Stable Macroeconomic Environment
There is a positive relationship between an environment of political stability underpinned by constitutionality and positive market performance. The Nigerian democracy has even prioritised the development of the Nigerian market. One of the ways successive governments have demonstrated this is by pursuing macroeconomic stability. Unprecedented levels of domestic and foreign investments have followed, beginning with the mobile telephone industry in 2001.
Even as the exchange rate policy of the CBN continues to generate a healthy debate, the anti-devaluation argument is consistent with maintaining financial and price stability. President Muhammadu Buhari has shown good leadership with his position which indicates that macroeconomic stability is not a political party agenda in Nigeria; it is a country agenda that has been upheld by successive administrations since 1999.
The institutional architecture for supporting market stability has continued to strengthen, and that is without overlooking the higher standards that are yet to be attained. Public debt management in Nigeria has been modernised. A legal framework through the Fiscal Responsibility Act is in place. It places a 3% limit on fiscal deficit as a ratio of the GDP. Since the last two fiscal years of the last administration, a policy to channel public borrowing to infrastructure projects came into place. This policy is affirmed in the fiscal borrowing plan of the present administration, as seen in the 2016 budget.
While the borrowing plan in the budget has inflamed passions, it appears that the provision of a N360 billion Sinking Fund to liquidate matured debt has eluded the debate. Nevertheless, Nigeria has a solid reputation of servicing its debt obligation to both domestic and international financiers. The deals by which Nigeria exited the Paris Club and London Club debts in 2005 and 2006, respectively, will remain a point of reference in the country’s debt repayment behaviour. Since those important deals, the fiscal authorities have never taken eyes off the sustainability gauge of Nigeria’s public debt.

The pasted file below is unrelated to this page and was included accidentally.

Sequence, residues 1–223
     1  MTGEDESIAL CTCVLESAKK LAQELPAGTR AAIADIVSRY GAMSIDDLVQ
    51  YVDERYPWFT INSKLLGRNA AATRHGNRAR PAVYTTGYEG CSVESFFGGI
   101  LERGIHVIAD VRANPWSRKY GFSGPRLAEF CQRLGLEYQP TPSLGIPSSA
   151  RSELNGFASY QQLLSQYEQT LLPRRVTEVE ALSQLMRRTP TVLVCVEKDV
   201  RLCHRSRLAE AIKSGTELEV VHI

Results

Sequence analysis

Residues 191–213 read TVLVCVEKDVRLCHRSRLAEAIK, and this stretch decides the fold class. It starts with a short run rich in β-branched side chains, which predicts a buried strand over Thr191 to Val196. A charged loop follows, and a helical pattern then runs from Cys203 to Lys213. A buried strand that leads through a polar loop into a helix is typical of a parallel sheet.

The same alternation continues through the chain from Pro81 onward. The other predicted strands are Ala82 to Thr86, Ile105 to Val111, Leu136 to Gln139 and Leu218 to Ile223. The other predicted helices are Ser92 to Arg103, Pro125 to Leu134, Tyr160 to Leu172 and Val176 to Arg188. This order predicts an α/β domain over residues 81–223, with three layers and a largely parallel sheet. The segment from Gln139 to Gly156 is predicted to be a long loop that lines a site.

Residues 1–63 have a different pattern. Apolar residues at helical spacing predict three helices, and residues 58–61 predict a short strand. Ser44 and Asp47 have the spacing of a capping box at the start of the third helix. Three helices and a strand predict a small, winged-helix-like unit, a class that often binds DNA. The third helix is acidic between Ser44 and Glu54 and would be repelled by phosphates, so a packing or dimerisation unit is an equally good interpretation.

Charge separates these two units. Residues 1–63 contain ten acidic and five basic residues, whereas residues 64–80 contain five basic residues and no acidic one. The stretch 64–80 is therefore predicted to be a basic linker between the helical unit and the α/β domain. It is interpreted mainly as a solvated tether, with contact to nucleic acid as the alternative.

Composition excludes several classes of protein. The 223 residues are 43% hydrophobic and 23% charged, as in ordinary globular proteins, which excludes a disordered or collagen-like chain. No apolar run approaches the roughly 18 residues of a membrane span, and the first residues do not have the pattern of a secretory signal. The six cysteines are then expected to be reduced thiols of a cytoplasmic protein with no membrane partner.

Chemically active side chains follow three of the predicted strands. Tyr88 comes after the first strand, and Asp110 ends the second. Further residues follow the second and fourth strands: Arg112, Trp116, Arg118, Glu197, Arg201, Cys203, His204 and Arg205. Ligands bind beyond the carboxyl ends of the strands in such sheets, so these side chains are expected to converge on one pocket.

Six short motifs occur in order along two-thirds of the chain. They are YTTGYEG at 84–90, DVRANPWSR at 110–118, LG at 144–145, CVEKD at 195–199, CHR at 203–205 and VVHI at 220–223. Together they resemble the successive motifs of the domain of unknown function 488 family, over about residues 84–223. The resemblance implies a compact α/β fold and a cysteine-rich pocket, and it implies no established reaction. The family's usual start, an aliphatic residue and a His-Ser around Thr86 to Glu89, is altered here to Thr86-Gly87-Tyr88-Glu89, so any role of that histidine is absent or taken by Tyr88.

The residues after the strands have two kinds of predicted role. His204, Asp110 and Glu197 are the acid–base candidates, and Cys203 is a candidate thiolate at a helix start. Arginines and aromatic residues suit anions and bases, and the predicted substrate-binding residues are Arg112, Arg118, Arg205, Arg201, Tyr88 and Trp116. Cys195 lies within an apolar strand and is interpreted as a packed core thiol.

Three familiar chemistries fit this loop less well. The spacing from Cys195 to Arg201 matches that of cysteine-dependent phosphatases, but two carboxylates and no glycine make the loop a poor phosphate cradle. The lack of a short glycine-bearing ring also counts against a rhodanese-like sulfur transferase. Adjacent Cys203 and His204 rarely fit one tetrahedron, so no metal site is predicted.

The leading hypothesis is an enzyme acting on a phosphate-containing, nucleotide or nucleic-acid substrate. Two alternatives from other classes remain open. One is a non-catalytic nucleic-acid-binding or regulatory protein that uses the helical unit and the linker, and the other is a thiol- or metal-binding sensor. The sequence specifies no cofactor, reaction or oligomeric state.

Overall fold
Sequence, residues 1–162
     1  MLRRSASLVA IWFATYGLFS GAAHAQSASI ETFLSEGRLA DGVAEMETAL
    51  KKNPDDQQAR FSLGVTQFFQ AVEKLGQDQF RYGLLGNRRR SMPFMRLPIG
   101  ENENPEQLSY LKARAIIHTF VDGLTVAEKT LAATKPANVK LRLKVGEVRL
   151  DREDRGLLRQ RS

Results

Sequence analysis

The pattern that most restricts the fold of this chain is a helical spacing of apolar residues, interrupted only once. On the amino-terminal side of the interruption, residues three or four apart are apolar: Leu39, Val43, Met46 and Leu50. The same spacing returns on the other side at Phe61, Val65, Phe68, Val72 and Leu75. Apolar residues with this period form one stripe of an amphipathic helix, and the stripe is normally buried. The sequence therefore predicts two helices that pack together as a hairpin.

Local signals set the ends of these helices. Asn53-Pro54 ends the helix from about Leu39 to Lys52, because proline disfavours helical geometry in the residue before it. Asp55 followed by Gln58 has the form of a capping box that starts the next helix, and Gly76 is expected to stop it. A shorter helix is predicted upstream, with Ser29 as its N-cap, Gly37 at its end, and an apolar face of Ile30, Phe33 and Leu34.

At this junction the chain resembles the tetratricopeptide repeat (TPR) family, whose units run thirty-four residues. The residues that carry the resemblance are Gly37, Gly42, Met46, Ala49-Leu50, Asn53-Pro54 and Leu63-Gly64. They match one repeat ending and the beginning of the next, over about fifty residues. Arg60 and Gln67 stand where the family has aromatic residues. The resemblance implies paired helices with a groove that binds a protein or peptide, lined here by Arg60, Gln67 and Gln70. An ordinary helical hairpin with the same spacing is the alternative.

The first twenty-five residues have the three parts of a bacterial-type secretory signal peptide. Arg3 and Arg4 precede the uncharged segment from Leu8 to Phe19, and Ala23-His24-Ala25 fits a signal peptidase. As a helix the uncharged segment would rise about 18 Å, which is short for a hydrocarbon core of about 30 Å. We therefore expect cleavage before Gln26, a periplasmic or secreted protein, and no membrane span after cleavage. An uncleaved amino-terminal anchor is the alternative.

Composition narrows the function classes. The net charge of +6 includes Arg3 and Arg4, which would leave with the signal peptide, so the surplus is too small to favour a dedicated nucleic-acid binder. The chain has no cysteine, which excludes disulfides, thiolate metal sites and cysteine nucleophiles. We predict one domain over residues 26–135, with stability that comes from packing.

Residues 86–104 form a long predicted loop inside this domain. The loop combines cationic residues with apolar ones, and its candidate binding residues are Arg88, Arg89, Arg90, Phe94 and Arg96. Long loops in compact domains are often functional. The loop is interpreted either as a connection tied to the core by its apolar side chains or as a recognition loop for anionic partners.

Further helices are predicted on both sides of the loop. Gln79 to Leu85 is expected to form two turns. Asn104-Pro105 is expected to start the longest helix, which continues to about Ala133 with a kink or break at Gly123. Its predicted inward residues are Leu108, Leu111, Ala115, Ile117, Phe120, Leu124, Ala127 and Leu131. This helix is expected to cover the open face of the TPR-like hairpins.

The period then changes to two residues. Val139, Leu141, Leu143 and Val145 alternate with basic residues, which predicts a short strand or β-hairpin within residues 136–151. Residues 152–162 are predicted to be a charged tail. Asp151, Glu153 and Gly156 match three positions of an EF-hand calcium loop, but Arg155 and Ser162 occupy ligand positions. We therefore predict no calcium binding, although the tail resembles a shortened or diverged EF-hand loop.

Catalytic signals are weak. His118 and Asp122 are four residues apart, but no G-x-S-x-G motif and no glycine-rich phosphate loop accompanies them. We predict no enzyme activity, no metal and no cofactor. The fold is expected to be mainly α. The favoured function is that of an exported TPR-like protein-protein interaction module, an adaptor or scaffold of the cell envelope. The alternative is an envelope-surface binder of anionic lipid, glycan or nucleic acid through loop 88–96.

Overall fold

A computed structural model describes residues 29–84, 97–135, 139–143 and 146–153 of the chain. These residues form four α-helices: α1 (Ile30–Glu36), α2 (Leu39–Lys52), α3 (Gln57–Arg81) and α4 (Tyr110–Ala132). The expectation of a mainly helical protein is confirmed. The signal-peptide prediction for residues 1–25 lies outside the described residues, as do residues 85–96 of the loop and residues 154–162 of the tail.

Primed for Success
Nigerians are generally determined to be successful. If it takes education, we would go for it. If it takes industry, we would become entrepreneurs and start businesses even under the most challenging environment. We are irrepressible in adverse conditions. As the current foreign exchange crisis begins to affect business as usual, we will reinvent ourselves.
Nobody, including the average Nigerian, wants a hard life in place of a easy one. Countries that have developed have had to do so in response to challenges that posed a threat to their easy life. It might be geopolitical threat, demographic challenges or economic stress. In Nigeria today, the formidable threat is the intertwined high dependency on oil for foreign exchange, import dependency and inadequate domestic production.
What we have to do is diversify the economy, promote non-oil exports and boost domestic production. In the meantime, we need to use policy instruments to curb unnecessary imports. The policy leaning is there, and Nigerians will respond; not only for survival but to achieve and maintain the good life. This is what defines us as a people of achievement. This is why the outlook of the country is especially buoyant, medium- to long-term.
Roberts Orya is a former Managing Director/Chief Executive Officer, Nigerian Export-Import (NEXIM) Bank.